FOR IMMEDIATE RELEASE|
THURSDAY, JANUARY 22, 2004
TDD (202) 514-1888
FORMER VICE PRESIDENT OF CONVERSE, INC., AGREES TO
PLEAD GUILTY IN JUST FOR FEET INVESTIGATION
WASHINGTON, D.C. - Deputy Attorney General James B. Comey, Assistant Attorney General Christopher A. Wray of the Criminal Division, and U.S. Attorney Alice H. Martin of the Northern District of Alabama announced today that Steven G. Dodge, former vice president of U.S. Sales for Converse, Inc., an athletic footwear and apparel company, has been charged with conspiracy to submit false statements to the auditors of Just For Feet, Inc. (JFF) and to falsify the books and records of JFF.
Dodge, 54, of North Andover, Massachusetts, was charged in a one-count criminal information filed today in the U.S. District Court in Birmingham, Alabama. Dodge has agreed to plead guilty to the charge and cooperate with the federal government’s ongoing investigation into JFF’s finances. A hearing on Dodge’s plea will be scheduled at a later date.
Just for Feet, Inc., was a publicly traded corporation with headquarters in Shelby County, Alabama. The company was founded in 1977 with a single store in Birmingham. By 1999 it had grown to be the second largest athletic shoe retailer in the United States, with locations in 30 states and annual sales of approximately $775 million. The company filed for bankruptcy in 1999.
At all times relevant to the offense to which he has agreed to plead guilty, Dodge was the vice president of U.S. Sales for Converse, Incorporated. According to the criminal information, in or around February 1999 and continuing through on or about April 23, 1999, Deloitte & Touche performed its annual audit of JFF’s financial statements for the fiscal year ending Jan. 30, 1999. As part of the audit process involving JFF’s accounts receivable, Deloitte & Touche requested certain vendors to provide written, independent confirmation of the amounts they owed JFF. This was done in the form of an “audit confirmation letter.” The criminal information alleges that during the course of JFF’s annual audit, an executive vice-president of JFF caused the company’s accounting department to record an additional $412,000 in fictitious accounts receivable allegedly due to JFF from Converse as of Jan. 30, 1999. This had the result of causing JFF’s income to be overstated by approximately $412,000.
According to the charges, the executive vice president allegedly sent Dodge an audit confirmation letter, requesting that Dodge, on behalf of Converse, confirm to Deloitte & Touche that Converse actually owed JFF approximately $412,000 “for advertising that ran or merchandise sold prior to January 30, 1999.” Dodge, allegedly knowing that the information contained in the audit confirmation letter was false, and that Converse did not, in fact, owe JFF approximately $412,000, signed it and sent it to Deloitte & Touche. Subsequently, Deloitte & Touche included the false financial information when preparing JFF’s annual financial reports for public filing with the Securities and Exchange Commission. As a result, JFF’s earnings for the fiscal year ending Jan. 30, 1999, as stated in its annual audited financial statement and SEC filings, were overstated by at least approximately $412,000, thereby defrauding the shareholders of JFF.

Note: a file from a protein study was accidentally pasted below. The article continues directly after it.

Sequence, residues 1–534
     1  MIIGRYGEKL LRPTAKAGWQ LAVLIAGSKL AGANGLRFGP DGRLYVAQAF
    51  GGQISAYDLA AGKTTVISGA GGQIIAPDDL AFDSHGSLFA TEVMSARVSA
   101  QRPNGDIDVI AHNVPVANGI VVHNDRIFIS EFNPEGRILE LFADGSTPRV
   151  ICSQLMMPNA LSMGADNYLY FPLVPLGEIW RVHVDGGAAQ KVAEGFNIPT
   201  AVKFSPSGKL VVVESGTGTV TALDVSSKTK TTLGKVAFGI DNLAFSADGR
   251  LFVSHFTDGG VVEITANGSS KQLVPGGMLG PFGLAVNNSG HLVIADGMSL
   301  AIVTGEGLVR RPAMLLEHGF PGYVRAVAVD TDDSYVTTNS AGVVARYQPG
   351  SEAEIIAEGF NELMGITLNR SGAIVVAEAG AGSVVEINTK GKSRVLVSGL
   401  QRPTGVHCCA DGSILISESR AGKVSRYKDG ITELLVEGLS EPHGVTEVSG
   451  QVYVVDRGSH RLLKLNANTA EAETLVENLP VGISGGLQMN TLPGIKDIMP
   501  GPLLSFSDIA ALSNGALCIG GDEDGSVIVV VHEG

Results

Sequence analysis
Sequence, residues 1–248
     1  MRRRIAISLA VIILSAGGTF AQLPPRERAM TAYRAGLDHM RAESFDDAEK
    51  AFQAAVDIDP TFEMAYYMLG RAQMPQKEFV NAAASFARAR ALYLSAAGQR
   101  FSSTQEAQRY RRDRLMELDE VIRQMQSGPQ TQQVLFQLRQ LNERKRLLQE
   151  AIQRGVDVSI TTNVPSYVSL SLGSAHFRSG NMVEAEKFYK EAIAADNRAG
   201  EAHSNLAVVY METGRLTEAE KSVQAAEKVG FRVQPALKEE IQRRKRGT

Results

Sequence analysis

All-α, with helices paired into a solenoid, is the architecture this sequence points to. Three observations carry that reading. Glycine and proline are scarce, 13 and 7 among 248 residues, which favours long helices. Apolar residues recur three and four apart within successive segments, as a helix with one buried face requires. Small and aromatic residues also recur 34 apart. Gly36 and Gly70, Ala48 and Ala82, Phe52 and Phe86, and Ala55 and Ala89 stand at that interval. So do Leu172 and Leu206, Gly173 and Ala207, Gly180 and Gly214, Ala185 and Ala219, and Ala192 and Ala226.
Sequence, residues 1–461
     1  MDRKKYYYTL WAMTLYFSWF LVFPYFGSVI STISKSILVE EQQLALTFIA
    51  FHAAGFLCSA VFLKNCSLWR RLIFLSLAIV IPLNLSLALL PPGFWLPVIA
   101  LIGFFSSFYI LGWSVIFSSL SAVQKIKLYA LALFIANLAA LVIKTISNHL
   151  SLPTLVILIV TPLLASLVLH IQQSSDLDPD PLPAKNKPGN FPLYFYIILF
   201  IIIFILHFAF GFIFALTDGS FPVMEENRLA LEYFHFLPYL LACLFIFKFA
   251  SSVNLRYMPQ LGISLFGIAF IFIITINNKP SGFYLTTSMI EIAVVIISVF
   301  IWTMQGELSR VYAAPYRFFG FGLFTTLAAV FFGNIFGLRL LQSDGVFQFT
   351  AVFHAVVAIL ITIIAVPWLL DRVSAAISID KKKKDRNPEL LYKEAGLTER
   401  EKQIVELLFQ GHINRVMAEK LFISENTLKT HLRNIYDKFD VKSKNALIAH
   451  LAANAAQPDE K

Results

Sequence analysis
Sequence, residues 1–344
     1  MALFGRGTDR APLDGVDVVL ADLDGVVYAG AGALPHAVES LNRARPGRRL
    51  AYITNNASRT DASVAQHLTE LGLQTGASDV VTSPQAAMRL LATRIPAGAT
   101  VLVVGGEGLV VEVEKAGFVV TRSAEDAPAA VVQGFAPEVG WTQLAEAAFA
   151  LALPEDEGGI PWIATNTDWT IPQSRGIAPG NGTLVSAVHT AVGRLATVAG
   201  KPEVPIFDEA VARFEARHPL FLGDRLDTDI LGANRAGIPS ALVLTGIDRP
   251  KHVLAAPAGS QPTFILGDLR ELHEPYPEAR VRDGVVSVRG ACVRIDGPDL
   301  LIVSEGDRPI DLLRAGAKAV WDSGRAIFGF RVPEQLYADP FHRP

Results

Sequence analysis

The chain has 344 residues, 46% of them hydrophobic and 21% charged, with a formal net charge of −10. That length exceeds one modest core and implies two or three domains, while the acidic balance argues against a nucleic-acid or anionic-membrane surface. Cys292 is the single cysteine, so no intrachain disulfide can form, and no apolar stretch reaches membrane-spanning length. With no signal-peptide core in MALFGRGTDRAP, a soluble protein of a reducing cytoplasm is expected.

“As demonstrated by the guilty pleas of an Adidas, Fila USA, and now a Converse executive, the criminal wrongdoing that went on at Just For Feet extended well beyond its own executive suite,” said Deputy Attorney General James B. Comey. “Hopefully, these guilty pleas send a strong message to outside third parties that these financial scams will not be tolerated.”
“Shareholders and the investing public expect the truth -- and deserve it. We will investigate and prosecute not only top corporate executives who lie about their company’s financial condition, but vendors and other third parties who help them do so,” said Assistant Attorney General Christopher A. Wray. “As this agreement to plead guilty and cooperate shows, our Just for Feet investigation is moving forward.”
“Once again in this investigation we see a vendor more concerned about maintaining a corporate account than being accountable to corporate investors with truthful audit confirmation statements,” said U. S. Attorney Alice H. Martin. “This type of complicity in a criminal conspiracy to defraud investors will meet with prosecution.”
The conspiracy charge carries a maximum penalty of five years in prison and a fine of $250,000.
The JFF investigation remains active and ongoing. In April 2003, former JFF President Adam Gilburne pleaded guilty to conspiracy to commit wire and securities fraud. In August 2003, Timothy McCool, the National Sales Director of adidas America, pleaded guilty to conspiracy to submit false statements to the auditors of a publicly traded company and to cause false entries to be made in the books and records of JFF.
On Dec. 18, 2003, Jonathan G. Epstein, the former president and chief executive officer of Fila USA, a wholly owned subsidiary of Fila Holding S.p.A., an Italian company, agreed to plead guilty to conspiracy to submit false statements to the auditors and to falsify the books and records of JFF. A hearing on Epstein’s plea is scheduled for Jan. 28, 2004, in Birmingham.
The investigation is being conducted by the FBI-Birmingham Field Office, with assistance from the SEC, Atlanta District-Enforcement Division. The prosecution is being handled jointly by the United States Attorney’s Office and the Fraud Section of the Criminal Division of the Department of Justice in Washington, D.C. The prosecution is being overseen by the President’s Corporate Fraud Task Force, headed by Deputy Attorney General James Comey.